I am working late and procrastinating, so a quick note on the recent Wikipedia article feedback pilot:
It appears as though registered users are “tougher” in their grading of the articles than are anon users. This is especially notable in the area of “well sourced” (3.7 mean for anon vs. 2.8 mean for registered) and “complete” (3.5 vs. 2.7). It’s interesting to note that the means for “neutral” are almost identical.
Anecdotally, this fits well with a lot of what I’ve noticed with external feedback in the past; when someone writes in, it’s usually with a report of “X is wrong” rather than “the article on Y is atrocious”. When X is fixed, even when the article itself still seems to be a mess, people seem quite happy with it, even if it contains cleanup tags or ugly layout or the like.
Presumably, this suggests casual readers have low expectations of Wikipedia’s average quality; they accept bad (or terse) articles as par for the course but are pleasantly surprised by decent ones. Editors, meanwhile, are more closely familiar with the better ones, and apply somewhat more aspirational standards – a “tolerable” article is a deficient one.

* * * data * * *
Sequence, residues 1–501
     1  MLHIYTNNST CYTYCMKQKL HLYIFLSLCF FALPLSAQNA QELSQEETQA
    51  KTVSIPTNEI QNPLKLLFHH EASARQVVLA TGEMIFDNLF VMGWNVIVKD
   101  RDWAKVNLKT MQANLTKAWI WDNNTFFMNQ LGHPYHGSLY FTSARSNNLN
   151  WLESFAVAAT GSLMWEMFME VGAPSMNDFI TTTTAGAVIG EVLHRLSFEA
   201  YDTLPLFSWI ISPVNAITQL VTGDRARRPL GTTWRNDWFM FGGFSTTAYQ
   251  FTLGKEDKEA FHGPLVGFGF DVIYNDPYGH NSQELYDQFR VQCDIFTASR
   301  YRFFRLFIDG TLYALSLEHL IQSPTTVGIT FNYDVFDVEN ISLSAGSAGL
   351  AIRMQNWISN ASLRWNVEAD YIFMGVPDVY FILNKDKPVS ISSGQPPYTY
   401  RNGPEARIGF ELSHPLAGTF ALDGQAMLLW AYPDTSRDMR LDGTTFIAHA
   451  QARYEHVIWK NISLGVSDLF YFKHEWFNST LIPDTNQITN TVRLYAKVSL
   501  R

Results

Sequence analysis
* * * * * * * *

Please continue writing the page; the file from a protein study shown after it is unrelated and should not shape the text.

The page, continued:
On the matter of sourcing, I’d take a wild guess that if we went down to the article-specific level, we’d see a lot of this driven by the difference in articles with or without footnotes. Readers wanting a general overview may well be happy with general references or further-reading type external links; editors are more focused on the text, and more likely to prioritise specific footnoting of individual points.
The discrepancy in perceptions of completeness may come into play here, too – if you expect a terse cruddy article, then 5k of competently-written text seems relatively comprehensive. If you expect a detailed article with layout and images, then the 5k of text seems a bit of a damp squib.
A difference in expectations is probably partly driven by involvement – if you’re an editor, you’re more likely to expect good things and see room for improvement everywhere – but also partly by experience and estimation of quality. Which prompts the thought: do readers and editors read “different Wikipedias”? Do involved editors spend more time, on average, looking at or working with higher-quality text than casual readers do? An interesting question, but I’m not immediately sure how to quantify it. Ratio between raw pageviews and edits to an article, or pageviews versus talk pageviews?